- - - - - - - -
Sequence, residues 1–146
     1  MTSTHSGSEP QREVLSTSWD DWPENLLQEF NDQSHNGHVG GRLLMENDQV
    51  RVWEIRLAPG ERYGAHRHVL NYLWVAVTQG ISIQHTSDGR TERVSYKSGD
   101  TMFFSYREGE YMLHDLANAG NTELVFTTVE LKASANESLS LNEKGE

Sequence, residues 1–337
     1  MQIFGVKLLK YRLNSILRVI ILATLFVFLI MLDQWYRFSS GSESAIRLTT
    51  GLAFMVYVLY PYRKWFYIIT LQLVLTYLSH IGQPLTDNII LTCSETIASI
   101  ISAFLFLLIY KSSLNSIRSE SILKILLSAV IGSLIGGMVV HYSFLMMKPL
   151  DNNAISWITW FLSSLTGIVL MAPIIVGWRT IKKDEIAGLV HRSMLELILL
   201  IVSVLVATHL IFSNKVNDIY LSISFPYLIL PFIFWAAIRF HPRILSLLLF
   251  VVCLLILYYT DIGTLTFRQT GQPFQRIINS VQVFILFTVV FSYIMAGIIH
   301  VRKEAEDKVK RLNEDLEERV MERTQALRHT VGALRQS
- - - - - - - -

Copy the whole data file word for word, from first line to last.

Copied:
Sequence, residues 1–146
     1  MTSTHSGSEP QREVLSTSWD DWPENLLQEF NDQSHNGHVG GRLLMENDQV
    51  RVWEIRLAPG ERYGAHRHVL NYLWVAVTQG ISIQHTSDGR TERVSYKSGD
   101  TMFFSYREGE YMLHDLANAG NTELVFTTVE LKASANESLS LNEKGE

Sequence, residues 1–337
     1  MQIFGVKLLK YRLNSILRVI ILATLFVFLI MLDQWYRFSS GSESAIRLTT
    51  GLAFMVYVLY PYRKWFYIIT LQLVLTYLSH IGQPLTDNII LTCSETIASI
   101  ISAFLFLLIY KSSLNSIRSE SILKILLSAV IGSLIGGMVV HYSFLMMKPL
   151  DNNAISWITW FLSSLTGIVL MAPIIVGWRT IKKDEIAGLV HRSMLELILL
   201  IVSVLVATHL IFSNKVNDIY LSISFPYLIL PFIFWAAIRF HPRILSLLLF
   251  VVCLLILYYT DIGTLTFRQT GQPFQRIINS VQVFILFTVV FSYIMAGIIH
   301  VRKEAEDKVK RLNEDLEERV MERTQALRHT VGALRQS